I met up with one of my favorite humans/dancers/photographers, Renee, in Marrakech, Morocco this November (the day before Thanksgiving) to kick off our two and a half week #mospo (Morocco, Spain, Portugal) trip! Where to begin with Morocco…ummmm…there are just so many mixed emotions.
It was incredible to be in a place that is SO alien to what I’m used to. I loved the culture shock of arriving in north western Africa- the clothes, food, religion- everything was so different and so amazing to take in. The Moroccan architecture and artwork was exactly what I imagined and more. There was SO much color- deep blues, bright pinks, and nearly every home and building was a deep red/orange.
Haggling with shop owners put me out of my comfort zone and I laughed out loud at Renee’s insanely impressive skills at bringing the prices down to at least a quarter to an eighth of the price they told us. Just a side note- when shopping in Morocco, cut the price down 50-75% before you buy whatever you’re haggling for!
Our hostel was filled with tons of friendly Americans, Austrailians, Germans, and more. On Thanksgiving morning, Renee and I were a bit sad thinking about all the turkey and mashed potatoes we’d be missing- so while sitting around the tables in the common breakfast room downstairs, we said what we were thankful for with 10 other strangers from at least 4 different countries. It was my favorite part of Morocco.
Two words- food poisoning. DO NOT ever EVER ever drink, brush your teeth, get NEAR the water in Morocco. I mistakenly and naively ate a salad (which is washed in tap water) and got the worst case of food poisoning I’ve ever had in my life. From 11pm through 10am, I was throwing up outside in the rain (because our hostel had no roof…) every half hour. The rest of my time in Morocco was spent eating one single chocolate bar over 4 days and several bottles of sprite and drinking about 10 liters of water. Renee joked that she woke up one morning and saw me spooning with a two liter bottle of water.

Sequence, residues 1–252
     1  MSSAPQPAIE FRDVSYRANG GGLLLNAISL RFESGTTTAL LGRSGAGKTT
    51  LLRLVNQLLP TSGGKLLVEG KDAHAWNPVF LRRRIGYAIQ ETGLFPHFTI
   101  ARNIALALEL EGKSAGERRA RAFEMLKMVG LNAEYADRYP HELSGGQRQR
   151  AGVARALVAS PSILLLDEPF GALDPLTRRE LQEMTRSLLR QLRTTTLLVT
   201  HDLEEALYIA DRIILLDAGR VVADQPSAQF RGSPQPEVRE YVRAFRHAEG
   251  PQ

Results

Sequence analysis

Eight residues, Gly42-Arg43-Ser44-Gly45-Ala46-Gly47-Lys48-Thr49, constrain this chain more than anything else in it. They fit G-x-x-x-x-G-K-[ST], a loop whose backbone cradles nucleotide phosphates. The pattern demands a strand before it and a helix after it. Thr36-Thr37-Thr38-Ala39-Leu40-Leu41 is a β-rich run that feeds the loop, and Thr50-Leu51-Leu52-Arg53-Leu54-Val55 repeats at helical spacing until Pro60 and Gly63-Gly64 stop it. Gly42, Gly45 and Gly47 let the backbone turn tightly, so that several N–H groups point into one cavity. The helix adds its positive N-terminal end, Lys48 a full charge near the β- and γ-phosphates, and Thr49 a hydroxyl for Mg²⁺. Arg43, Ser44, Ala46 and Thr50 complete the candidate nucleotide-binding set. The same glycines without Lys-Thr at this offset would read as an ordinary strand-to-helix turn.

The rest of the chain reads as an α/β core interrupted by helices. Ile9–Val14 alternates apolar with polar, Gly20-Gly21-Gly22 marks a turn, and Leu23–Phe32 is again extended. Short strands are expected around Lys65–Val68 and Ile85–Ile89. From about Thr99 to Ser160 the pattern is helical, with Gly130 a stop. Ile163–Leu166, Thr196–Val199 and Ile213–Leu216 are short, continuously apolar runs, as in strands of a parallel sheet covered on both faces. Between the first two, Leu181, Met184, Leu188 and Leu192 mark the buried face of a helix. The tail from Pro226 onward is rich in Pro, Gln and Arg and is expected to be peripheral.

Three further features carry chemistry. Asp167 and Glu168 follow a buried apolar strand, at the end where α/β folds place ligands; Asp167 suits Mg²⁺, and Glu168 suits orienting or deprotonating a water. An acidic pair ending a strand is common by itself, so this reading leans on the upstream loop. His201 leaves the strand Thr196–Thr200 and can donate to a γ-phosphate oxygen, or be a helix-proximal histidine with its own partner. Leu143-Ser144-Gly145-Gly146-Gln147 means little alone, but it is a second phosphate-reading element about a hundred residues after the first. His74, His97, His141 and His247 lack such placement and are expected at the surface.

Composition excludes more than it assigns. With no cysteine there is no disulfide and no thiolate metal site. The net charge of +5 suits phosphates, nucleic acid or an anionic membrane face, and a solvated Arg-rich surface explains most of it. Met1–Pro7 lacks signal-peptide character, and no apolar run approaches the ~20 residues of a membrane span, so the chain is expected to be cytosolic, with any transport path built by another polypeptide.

The rain- if you were under the impression that it’s hot and dry in the Sahara Desert in Africa, you’re probably right. But if you assumed that it never rains and is never cold (like me), then you’re totally wrong and should never visit Morocco in late November. Luckily for Renee and I, it only really rained hard when I was violently ill and recovering from the food poisoning. The main issue was that we weren’t allowed to go into the Sahara Desert for an overnight excursion like we’d hoped, as people were getting stuck for days because of flooding and broken bridges.
The “attitude”- Forewarning if you are visiting Morocco- it is BEAUTIFUL and incredible and there is no where like it- but you will QUICKLY get annoyed with the persistent badgering from shop owners, snake tamers, and henna “artists” literally grabbing you from the streets. During our first few hours in La Medina (the city center of Marrakech), a woman grabbed my hand, put henna all over it while talking to me, and then took the equivalent to 20 euros out of my wallet.
Morocco is amazing. I’m SO glad I went and so thankful to have met a handful of amazing people (including our friendly hostel management). Would I go back again? Probably not. But would I recommend others to go? YES! There is so much to this awesome country, you just need to keep your mind open and stay away from the water.